If Beattie uses subtle humor to reveal her characters chronic indecision and self-absorption, her later works use humor to capture the grim reality of aging boomers.
Bing and his small army of Sunset Park squatters are part of a generation of unsettled, college-educated twenty- and thirtysomethings, bright, artistically-inclined men and women, perpetually short on cash, cobbling together a living with part-time jobs to make time for personal pursuits.
There is an inherent loneliness to these characters that is perhaps best summarized by Georgie from Someone Ought to Tell Here There’s Nowhere to Go.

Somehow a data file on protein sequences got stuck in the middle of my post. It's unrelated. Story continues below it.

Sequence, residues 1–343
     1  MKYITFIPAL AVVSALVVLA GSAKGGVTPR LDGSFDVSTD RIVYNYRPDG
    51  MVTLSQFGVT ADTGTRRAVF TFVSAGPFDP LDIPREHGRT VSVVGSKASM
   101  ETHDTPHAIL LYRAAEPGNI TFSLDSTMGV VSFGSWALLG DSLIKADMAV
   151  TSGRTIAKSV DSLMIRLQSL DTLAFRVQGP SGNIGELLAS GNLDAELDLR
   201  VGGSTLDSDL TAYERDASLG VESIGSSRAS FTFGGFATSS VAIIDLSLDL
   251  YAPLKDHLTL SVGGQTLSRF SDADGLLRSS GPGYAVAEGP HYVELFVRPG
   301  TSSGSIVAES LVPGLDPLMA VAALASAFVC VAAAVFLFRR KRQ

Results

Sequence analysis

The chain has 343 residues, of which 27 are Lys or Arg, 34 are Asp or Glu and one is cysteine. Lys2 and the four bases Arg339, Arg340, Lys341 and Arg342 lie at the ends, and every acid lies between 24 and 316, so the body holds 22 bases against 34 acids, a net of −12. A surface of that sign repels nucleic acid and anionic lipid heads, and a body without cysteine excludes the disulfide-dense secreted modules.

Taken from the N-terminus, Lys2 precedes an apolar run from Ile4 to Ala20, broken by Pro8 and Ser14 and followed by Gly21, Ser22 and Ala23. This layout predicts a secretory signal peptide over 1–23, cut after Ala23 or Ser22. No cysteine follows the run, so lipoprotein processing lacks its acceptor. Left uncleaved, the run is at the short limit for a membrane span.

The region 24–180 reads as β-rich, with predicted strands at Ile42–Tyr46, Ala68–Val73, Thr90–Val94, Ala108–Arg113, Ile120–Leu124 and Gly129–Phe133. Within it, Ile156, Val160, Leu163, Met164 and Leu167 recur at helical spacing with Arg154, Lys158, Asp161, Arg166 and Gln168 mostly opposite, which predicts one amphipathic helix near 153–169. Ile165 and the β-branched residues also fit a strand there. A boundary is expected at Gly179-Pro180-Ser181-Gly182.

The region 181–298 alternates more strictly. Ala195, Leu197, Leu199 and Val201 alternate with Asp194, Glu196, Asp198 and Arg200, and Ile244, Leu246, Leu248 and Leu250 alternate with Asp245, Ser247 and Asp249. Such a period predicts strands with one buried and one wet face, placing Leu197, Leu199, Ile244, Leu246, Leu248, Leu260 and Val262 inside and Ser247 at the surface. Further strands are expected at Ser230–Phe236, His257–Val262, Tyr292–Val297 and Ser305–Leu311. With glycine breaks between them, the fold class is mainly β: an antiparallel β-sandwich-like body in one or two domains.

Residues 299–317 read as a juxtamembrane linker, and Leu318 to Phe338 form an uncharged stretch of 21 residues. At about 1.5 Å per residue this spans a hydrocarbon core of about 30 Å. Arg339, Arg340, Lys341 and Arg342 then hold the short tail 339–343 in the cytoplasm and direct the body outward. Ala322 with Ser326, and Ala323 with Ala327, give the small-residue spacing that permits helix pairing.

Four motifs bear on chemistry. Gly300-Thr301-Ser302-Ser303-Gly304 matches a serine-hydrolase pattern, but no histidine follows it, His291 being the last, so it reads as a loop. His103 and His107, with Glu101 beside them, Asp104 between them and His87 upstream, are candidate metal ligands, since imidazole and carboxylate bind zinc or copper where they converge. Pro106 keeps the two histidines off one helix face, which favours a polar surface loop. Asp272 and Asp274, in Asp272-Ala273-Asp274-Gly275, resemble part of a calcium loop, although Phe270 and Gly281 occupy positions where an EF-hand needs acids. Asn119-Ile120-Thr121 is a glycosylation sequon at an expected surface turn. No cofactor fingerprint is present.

Imagine now that passionate strain of teenage melancholia conflated with and compounded by the familiar cruelties of middle age.
Peeling back Dahl’s lifelong attraction to glamour and wealth, Sturrock uncovers an even greater fondness for English rural life, where he raises orchids and children, and thrives artistically under the general quotidian ease of life at the family’s country home, Gipsy House.